In response, Phaahla said that the province “is aware of the bad infrastructural condition at the Tambo Memorial Hospital”. “The province had embarked on a feasibility study with the intention of revitalising the entire facility. Initially, the Gauteng Provincial Department of Health wanted to construct two new facilities – a 350-bed district hospital and an 800-bed tertiary hospital respectively on different sites. However, the Gauteng Department of Infrastructure Development (GDID) currently has no land (site) allocated for both facilities,” he said. Then, “following the peer review meetings of July 2016, it was decided that the Tambo Memorial will now be a single 600-bed Regional Hospital, but no site was available.”
According to Motaletale Modiba, Gauteng health spokesperson communities of Boksburg and the surrounding areas showed resistance to moving the hospital during the previous public participation engagements. “There is therefore a need to continue using the facility whilst working out alternatives. The continued use of the hospital building is managed with due consideration to compliance with legislative requirements,” he said. “Maintenance and refurbishments continue to keep the facility usable in the meantime until an alternative hospital is commissioned in consultation with the community and interested parties like local government.”
The continued use of the hospital building is managed with due consideration to compliance with legislative requirements – Motaletale Modiba
Modiba said that the facility’s refurbishment and occupational health and safety programme is meant to address concerns over unsafe infrastructure. He said there are plans underway to build a new orthopaedic section since parts of the hospital built with asbestos are being decommissioned.
Modiba also confirmed that the maintenance projects at Tambo Memorial include renovations to the Kangaroo mother care ward 1, the children’s ward 12, the accident and emergency department, and creating a new parking area. He said upgrading of the kitchen area is ongoing, vinyl flooring in the corridors is ongoing, as well as the replacement of vandalised toilet taps and seats. The department is also installing CCTV cameras and installing burglar bars on doors and windows.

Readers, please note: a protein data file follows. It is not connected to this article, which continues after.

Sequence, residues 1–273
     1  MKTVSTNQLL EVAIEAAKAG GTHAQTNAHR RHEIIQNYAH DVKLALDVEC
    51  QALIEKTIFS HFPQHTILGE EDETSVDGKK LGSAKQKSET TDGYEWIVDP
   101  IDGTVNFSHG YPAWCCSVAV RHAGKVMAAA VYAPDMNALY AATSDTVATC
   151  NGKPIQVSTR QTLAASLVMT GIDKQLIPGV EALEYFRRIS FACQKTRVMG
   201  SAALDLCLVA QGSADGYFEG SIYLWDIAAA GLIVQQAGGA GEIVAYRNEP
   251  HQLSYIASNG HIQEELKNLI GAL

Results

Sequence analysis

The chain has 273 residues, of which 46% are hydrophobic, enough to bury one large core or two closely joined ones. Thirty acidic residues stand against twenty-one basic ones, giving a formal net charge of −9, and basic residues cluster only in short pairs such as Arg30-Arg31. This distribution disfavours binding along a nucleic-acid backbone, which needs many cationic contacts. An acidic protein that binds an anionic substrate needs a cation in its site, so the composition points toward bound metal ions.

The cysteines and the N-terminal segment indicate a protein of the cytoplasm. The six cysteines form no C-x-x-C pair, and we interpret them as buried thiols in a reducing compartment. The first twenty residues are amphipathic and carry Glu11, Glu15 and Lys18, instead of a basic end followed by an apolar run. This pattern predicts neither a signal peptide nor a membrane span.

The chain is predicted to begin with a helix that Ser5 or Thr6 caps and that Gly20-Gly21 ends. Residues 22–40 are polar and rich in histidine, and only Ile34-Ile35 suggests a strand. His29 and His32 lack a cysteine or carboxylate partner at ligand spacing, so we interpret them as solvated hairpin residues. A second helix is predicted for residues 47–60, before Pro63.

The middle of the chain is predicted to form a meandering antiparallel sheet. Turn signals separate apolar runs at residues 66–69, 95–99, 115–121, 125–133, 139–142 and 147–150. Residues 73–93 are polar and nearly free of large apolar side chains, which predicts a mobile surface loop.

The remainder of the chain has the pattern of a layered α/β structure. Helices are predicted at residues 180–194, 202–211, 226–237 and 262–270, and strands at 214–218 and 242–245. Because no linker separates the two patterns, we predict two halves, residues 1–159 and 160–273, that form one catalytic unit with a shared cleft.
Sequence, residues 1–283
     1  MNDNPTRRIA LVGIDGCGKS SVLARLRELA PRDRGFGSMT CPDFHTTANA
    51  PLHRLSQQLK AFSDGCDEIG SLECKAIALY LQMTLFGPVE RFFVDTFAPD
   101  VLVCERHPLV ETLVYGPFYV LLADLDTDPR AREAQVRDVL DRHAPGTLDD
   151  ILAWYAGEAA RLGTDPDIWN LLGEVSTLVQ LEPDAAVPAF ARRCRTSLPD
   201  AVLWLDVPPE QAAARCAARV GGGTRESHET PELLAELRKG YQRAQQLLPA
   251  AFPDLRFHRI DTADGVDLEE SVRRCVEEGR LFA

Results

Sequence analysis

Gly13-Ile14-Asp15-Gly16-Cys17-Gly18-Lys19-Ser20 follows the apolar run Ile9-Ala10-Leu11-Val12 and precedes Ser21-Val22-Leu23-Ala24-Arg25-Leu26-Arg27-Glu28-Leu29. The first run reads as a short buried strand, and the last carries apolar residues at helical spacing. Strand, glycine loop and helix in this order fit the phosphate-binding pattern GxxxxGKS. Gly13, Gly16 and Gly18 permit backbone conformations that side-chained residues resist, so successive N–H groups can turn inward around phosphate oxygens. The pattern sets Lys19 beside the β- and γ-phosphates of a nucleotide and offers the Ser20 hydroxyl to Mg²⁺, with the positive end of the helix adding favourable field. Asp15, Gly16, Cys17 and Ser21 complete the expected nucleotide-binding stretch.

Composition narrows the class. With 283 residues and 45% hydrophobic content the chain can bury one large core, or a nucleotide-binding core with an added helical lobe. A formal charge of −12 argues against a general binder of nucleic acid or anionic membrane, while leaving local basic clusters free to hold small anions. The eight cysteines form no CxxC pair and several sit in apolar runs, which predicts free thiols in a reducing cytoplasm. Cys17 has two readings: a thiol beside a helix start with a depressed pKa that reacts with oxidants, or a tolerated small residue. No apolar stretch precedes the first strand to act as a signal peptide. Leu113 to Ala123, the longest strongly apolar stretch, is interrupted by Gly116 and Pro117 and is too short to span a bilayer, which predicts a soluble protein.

According to him, the current cost estimate to build a new hospital is over R5 billion, for which there is currently no budget. “The department is seeking alternate funding to address the budget challenges,” he said. He could not provide timelines for this.
Phaahla in his response in Parliament said the new hospital building project was eventually put on ice until the department’s financial position improved. R40 million has been allocated under the Provincial Equitable Share funding for some major refurbishments at the facility and there are maintenance and repair projects underway. In this financial year (2022/23), R13 million has been allocated for maintenance at the facility, said Phaahla.
NOTE: A representative of the Treatment Action Campaign is quoted in this article. Spotlight is published by SECTION27 and the TAC, but is editorially independent – an independence that the editors guard jealously. Spotlight is a member of the South African Press Council.